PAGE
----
508) 987-7371

Bradford Steel CO Inc
46 Braley Road, Assonet, MA 02702
508) 763-5921

One of these places should either be able to help you or tell you where to look.



------------------
Barry Milton

3 Phase Lightbulb
03-24-2005, 11:29 AM
<font face="Verdana, Arial" size="2">Originally posted by precisionworks:
My metal supplier just quoted $237.76 for the full sheet. Have you tried:

Central Steel Supply Co.
99 Foley, Somerville, MA 02145
(617) 625-3232
(614) 666-3027 (fax)
(800) 345-3232 (toll-free)

AFT Services
9 Milbury Rd., Oxford, MA 01540
508) 987-7371

Bradford Steel CO Inc
46 Braley Road, Assonet, MA 02702
508) 763-5921

One of these places should either be able to help you or tell you where to look.

</font>

Thanks for the contacts!

Last night I took a look around our welding shop (I'm taking a TIG night class) and they had the 1/4" x 48" x 96" sheets (mild steel) I want... The welding school said they paid around $70 for a 1/4" x 48" x 96" sheet.. Someone else stepped in and said, that sounds low.. Steel prices have gone up... Maybe around $120 now... I did get the contact information for several of the shop's suppliers so I'll give them a call once I find where I put that damn paper I wrote them down on last night http://bbs.homeshopmachinist.net//smile.gif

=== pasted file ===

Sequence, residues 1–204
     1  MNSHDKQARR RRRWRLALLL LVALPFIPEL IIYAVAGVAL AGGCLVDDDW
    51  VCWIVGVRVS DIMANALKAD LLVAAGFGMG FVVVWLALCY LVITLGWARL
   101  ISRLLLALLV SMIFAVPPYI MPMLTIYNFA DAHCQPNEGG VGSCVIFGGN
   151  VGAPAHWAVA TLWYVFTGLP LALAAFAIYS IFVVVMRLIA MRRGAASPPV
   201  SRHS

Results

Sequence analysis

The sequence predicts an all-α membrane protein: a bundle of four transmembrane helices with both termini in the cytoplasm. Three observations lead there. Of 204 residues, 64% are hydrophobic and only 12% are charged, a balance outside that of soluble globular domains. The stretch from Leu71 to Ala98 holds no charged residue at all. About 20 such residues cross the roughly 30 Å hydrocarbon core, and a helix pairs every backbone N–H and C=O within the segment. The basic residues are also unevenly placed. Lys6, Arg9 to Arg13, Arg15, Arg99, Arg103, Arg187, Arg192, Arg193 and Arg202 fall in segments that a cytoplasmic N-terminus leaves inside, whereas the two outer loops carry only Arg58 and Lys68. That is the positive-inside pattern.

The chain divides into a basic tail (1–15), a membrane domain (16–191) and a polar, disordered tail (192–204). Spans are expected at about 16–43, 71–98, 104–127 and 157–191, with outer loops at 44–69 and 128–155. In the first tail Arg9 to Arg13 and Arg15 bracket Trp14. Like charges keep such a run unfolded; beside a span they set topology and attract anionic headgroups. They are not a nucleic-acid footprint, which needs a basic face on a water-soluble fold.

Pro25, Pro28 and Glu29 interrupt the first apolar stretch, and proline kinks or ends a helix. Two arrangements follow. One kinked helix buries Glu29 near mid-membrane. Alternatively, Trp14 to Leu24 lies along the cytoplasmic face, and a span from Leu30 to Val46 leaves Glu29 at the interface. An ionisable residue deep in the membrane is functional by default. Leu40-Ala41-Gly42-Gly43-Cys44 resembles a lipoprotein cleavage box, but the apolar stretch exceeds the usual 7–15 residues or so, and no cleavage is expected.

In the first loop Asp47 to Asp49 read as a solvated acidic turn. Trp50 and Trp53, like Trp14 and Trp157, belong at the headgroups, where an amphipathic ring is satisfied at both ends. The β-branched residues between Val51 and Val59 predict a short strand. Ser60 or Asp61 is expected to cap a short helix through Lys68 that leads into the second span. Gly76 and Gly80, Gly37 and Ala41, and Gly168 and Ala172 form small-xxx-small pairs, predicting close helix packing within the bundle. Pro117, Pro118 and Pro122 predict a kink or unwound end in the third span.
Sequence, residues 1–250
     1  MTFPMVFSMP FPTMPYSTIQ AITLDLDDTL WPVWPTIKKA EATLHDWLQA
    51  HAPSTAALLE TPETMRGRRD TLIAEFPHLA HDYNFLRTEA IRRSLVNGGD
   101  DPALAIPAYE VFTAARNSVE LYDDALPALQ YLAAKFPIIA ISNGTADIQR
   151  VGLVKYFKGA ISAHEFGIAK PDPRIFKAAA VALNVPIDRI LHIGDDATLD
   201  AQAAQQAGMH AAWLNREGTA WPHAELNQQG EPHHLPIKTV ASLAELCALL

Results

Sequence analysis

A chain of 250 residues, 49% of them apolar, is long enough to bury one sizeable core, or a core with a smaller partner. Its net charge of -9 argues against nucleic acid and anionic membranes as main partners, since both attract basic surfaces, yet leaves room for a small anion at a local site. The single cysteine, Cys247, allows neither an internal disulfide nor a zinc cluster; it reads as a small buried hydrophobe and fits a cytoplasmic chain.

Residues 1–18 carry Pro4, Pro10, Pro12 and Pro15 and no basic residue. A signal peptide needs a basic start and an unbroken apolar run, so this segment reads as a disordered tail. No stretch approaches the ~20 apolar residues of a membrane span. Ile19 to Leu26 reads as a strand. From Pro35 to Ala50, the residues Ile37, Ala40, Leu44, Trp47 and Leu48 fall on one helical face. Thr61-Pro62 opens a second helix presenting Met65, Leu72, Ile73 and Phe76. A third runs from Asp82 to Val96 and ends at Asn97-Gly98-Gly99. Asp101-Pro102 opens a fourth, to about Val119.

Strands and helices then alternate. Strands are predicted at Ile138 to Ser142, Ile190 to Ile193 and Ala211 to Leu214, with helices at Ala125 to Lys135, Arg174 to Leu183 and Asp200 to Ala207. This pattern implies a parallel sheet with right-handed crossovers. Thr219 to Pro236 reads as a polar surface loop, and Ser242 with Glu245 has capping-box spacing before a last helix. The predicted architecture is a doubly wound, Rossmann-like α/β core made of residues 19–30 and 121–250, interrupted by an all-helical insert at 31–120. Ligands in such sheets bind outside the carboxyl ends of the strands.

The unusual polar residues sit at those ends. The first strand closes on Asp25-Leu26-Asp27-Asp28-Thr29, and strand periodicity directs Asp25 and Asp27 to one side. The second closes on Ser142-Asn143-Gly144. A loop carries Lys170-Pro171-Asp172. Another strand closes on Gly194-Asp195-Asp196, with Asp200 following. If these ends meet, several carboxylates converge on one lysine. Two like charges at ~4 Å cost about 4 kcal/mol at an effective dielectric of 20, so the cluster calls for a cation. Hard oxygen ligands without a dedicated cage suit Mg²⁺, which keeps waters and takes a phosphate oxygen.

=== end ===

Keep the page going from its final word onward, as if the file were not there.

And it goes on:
-3Ph

andypullen
03-24-2005, 12:04 PM
I will have to agree, sometimes the internet can really suck if you want something really specific. And sometimes the search engines work great...

I was given a work order and a sample of a part a couple of months ago. Took me a week to find the part. And it wasn't a perfect match. I still had to cut 2 hose barbs on each piece.